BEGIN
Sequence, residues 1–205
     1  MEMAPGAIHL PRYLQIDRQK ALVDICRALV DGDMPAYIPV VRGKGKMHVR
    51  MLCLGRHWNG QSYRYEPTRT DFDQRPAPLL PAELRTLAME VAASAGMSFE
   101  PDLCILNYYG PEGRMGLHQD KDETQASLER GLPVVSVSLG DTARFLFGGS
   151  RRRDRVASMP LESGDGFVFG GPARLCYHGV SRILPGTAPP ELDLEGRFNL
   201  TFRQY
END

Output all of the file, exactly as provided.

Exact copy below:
Sequence, residues 1–205
     1  MEMAPGAIHL PRYLQIDRQK ALVDICRALV DGDMPAYIPV VRGKGKMHVR
    51  MLCLGRHWNG QSYRYEPTRT DFDQRPAPLL PAELRTLAME VAASAGMSFE
   101  PDLCILNYYG PEGRMGLHQD KDETQASLER GLPVVSVSLG DTARFLFGGS
   151  RRRDRVASMP LESGDGFVFG GPARLCYHGV SRILPGTAPP ELDLEGRFNL
   201  TFRQY